Beth Cooper-Chrismon has been a part of the Sojourners community since April 2015, serving first as Donor Services Associate and Database Administrator, then as Director of Individual Giving. Previously, she spent a year and a half as a major donor prospect researcher, primarily working with military, memorial, and museum clients.
She is a graduate of Georgetown University’s Walsh School of Foreign Service, where her studies focused on the role of religion in 20th century Middle Eastern-European relations. While attending Georgetown, she enrolled in one of Jim Wallis’ courses, and this experience led her to seek out further involvement in Sojourners’ mission, ministry, and advocacy.
As a cradle Episcopalian, and as the daughter of a nonprofit executive and a church musician, Beth has always been both interested and involved in the intersections of religion and social justice. And as the graduate of a Jesuit university, Beth strives to be a “woman for others” in her life and work, integrating her faith and personal mission into her work at Sojourners.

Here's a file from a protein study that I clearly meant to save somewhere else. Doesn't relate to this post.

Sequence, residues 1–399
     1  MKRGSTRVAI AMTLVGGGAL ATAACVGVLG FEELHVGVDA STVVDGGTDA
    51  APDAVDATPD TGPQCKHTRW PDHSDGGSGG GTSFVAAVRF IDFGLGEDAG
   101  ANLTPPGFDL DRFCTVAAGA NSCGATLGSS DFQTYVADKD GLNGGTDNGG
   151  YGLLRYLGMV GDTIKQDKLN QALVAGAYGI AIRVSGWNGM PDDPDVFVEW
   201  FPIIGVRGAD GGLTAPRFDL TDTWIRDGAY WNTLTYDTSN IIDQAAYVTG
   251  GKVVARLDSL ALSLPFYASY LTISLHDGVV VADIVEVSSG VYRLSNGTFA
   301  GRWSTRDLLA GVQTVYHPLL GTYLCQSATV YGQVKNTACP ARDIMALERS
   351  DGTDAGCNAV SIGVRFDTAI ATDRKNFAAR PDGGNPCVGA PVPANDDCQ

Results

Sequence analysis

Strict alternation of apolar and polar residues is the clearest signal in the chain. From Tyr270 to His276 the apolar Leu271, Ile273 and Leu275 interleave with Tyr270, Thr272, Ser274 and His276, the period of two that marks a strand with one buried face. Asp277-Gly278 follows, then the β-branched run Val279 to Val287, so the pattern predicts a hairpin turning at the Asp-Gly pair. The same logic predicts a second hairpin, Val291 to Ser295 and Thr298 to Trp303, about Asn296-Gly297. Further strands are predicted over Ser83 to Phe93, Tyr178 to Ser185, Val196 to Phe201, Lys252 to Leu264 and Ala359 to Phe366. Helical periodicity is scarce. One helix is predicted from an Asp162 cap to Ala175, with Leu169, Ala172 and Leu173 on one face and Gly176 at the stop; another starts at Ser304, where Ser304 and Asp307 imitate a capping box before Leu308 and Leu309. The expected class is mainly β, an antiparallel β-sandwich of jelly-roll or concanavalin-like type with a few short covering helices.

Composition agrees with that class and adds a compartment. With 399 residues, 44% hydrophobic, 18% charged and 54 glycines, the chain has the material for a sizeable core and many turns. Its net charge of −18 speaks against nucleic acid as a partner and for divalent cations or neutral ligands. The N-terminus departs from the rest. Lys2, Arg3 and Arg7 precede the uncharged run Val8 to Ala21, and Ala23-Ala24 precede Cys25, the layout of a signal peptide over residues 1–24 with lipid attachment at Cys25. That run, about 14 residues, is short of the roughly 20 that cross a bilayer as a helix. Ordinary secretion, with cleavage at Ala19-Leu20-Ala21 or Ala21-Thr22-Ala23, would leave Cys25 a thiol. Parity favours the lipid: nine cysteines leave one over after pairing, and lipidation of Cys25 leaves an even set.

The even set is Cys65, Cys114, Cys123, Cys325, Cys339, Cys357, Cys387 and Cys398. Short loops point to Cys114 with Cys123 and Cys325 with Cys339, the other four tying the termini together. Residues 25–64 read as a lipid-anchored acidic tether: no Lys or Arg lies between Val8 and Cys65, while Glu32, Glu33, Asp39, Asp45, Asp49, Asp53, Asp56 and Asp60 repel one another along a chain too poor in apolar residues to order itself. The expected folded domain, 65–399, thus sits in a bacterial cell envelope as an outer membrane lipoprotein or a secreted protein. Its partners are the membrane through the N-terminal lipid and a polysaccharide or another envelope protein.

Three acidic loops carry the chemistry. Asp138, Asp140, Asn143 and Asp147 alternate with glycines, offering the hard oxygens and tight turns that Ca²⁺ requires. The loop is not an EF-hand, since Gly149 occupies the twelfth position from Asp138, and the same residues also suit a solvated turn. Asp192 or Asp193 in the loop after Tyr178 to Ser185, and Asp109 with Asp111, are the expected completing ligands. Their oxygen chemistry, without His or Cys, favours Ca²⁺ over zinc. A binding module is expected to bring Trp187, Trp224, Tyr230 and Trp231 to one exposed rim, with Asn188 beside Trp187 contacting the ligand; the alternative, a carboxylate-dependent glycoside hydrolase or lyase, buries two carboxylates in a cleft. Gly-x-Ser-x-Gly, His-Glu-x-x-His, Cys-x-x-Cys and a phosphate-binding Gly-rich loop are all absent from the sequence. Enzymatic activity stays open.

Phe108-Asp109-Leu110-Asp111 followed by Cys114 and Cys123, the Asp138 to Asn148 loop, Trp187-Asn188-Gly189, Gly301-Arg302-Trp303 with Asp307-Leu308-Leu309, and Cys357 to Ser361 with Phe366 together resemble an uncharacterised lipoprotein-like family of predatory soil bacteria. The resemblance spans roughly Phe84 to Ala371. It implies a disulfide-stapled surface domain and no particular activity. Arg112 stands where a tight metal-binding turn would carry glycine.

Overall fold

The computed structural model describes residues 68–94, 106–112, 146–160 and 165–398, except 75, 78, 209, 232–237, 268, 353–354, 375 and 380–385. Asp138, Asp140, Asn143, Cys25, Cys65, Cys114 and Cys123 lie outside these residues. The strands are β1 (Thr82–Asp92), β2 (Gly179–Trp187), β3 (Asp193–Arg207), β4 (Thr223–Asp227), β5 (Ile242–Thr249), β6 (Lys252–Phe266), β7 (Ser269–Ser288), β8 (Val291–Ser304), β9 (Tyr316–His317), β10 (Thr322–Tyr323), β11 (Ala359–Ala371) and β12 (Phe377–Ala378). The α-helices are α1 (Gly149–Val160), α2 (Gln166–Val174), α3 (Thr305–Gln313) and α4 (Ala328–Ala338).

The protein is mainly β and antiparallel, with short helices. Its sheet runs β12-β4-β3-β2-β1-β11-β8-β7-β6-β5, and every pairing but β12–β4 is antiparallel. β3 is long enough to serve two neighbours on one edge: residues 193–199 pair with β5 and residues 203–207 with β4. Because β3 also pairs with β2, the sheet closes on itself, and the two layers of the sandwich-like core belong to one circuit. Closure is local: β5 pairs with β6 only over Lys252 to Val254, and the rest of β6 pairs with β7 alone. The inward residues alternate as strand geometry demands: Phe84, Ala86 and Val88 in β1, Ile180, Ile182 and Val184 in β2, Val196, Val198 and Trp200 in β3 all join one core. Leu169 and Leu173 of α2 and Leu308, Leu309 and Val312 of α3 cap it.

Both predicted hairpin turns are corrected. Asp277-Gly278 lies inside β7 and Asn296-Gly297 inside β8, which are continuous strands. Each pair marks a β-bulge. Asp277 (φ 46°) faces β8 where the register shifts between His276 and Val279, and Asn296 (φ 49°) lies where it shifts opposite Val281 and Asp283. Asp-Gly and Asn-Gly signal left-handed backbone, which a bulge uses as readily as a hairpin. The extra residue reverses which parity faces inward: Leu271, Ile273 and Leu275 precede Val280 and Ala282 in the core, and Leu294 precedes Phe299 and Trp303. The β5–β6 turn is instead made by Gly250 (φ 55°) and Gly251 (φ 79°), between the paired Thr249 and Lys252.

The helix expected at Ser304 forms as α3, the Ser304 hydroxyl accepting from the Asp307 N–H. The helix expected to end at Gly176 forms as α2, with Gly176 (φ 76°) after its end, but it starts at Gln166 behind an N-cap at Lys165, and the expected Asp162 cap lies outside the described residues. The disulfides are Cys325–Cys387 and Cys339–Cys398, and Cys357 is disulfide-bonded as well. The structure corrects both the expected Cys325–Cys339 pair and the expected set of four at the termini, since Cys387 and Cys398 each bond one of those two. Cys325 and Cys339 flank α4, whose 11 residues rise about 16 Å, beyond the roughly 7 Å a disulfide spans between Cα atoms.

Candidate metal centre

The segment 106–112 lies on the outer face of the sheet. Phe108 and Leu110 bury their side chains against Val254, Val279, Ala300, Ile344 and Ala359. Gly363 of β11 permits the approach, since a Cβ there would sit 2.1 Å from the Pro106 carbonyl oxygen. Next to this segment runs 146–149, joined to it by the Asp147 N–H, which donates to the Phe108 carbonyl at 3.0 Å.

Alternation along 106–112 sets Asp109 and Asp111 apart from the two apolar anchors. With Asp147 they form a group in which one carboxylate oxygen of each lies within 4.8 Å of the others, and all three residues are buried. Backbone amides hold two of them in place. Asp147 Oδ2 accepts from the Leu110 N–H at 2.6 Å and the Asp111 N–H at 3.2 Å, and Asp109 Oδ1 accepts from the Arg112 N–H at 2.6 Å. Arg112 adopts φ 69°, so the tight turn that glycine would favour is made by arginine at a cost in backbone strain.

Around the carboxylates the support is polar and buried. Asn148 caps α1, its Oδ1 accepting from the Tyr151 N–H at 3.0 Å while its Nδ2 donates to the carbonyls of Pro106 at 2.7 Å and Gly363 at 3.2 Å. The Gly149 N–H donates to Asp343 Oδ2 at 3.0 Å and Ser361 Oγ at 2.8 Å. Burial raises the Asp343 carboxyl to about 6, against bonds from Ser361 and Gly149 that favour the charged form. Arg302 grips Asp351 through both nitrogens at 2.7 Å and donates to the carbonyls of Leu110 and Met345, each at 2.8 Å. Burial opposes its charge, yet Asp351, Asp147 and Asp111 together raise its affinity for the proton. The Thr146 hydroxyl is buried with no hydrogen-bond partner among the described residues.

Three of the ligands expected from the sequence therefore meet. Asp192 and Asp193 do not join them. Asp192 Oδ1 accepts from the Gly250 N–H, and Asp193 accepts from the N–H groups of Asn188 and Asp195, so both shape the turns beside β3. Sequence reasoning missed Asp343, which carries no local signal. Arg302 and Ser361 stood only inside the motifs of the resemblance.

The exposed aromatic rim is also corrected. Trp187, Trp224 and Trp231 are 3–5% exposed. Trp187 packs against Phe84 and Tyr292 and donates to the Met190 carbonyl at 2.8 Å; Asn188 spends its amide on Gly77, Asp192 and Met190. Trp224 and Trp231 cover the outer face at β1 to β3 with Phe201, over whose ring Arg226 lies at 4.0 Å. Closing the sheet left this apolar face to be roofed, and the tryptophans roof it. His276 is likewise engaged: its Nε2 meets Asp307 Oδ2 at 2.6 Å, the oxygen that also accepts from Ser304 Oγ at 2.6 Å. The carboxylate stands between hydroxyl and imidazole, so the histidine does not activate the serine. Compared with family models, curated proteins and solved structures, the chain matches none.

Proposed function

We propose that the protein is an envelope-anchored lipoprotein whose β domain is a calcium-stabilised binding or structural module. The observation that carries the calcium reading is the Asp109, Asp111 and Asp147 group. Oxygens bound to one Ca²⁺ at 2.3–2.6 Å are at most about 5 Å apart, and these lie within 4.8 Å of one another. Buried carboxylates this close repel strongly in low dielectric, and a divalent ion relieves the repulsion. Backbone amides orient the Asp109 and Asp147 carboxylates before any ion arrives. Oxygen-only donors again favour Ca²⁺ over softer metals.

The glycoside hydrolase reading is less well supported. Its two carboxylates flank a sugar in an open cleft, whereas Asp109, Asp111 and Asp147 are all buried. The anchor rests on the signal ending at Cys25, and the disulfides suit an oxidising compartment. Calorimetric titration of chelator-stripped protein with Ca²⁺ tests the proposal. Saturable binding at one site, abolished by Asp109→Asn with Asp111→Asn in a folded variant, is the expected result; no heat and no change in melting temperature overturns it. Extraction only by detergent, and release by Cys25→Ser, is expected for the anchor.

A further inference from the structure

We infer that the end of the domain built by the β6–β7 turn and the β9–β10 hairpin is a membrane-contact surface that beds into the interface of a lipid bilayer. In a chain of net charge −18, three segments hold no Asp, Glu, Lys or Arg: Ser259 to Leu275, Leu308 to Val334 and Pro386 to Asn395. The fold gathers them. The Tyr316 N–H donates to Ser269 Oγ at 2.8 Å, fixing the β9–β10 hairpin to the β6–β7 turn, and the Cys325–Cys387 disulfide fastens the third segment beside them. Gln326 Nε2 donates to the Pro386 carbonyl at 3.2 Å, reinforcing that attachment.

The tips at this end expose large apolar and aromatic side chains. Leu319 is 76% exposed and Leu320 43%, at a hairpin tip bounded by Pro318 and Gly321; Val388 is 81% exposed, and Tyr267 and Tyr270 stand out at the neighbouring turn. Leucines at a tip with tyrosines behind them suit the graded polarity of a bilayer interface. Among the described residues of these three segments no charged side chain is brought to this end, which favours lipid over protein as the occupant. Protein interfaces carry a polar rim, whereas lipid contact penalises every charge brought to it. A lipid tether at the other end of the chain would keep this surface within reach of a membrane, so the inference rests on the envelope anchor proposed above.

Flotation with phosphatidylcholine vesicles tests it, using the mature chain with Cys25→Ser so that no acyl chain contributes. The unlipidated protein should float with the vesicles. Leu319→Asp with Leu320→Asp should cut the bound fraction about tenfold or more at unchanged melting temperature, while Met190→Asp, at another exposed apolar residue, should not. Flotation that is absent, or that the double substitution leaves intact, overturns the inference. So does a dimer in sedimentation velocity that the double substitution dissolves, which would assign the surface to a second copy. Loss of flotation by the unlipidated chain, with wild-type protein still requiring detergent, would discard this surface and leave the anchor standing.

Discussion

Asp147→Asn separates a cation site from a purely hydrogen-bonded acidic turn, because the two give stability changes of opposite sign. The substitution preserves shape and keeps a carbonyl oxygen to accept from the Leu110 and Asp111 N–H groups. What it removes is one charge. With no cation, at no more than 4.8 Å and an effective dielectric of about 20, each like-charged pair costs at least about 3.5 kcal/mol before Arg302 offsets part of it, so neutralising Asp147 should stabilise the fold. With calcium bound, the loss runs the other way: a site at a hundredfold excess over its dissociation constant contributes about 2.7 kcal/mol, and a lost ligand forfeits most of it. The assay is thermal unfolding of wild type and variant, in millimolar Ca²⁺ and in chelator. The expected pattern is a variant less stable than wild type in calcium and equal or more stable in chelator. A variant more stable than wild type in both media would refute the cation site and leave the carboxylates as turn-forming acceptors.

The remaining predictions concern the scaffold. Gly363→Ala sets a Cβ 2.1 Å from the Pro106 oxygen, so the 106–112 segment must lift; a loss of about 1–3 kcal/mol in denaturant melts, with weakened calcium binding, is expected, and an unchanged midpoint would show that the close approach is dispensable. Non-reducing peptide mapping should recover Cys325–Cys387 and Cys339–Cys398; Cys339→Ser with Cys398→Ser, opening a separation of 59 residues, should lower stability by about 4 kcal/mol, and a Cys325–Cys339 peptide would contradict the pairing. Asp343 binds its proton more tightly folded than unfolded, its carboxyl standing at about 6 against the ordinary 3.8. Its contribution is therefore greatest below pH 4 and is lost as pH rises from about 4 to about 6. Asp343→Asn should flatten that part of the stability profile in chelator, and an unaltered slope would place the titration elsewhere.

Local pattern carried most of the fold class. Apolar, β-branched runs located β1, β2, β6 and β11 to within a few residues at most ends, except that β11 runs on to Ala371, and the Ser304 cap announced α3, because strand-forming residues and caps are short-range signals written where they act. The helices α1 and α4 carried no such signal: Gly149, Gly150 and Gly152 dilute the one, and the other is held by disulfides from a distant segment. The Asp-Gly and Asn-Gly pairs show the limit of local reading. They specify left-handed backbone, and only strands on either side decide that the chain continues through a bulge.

While Beth has lived in the DC metropolitan area since 2010, her heart will always belong to her home state of Montana. (Don’t get Beth started on Montana, The Last Best Place, The Treasure State, Big Sky Country, Land of Shining Mountains, etc.) In her spare time, she enjoys running, hiking, singing, knitting, dark beer/comedy/coffee, listening to podcasts, teaching herself about personality psychology, and shredding some serious Angus Young-style air guitar.
Posts By This Author
The Oppressive Whiteness of Taylor Swift's 'Wildest Dreams'
Taylor Swift’s controversial new music video, “Wildest Dreams,” is intended to evoke awe of the “wildest” of African landscapes: pure natural beauty, “undiscovered” and “untarnished” — and entirely without Africans.
Perhaps because this video launched soon after Ms. Swift’s recent race- and privilege-related feud with Nicki Minaj, or because at the time of writing, the video has reached nearly 25 million views since its release on Aug. 30, response to the video has been intense. Reading articles on both sides was a conflicting experience, as a young white woman raised on fashion magazines, classic cinema, and the idealization of “old Hollywood.” Can we love and appreciate those films without endorsing that oppression? Is it possible to create an homage to them without endorsing them entirely? In short — how can we free ourselves from the cognitive dissonance of outwardly condemning racism, misogyny, and colonialism while still internally glorifying images and ideals that are built upon them?
The answer to this question may lie in other, more nuanced, portrayals of midcentury American culture.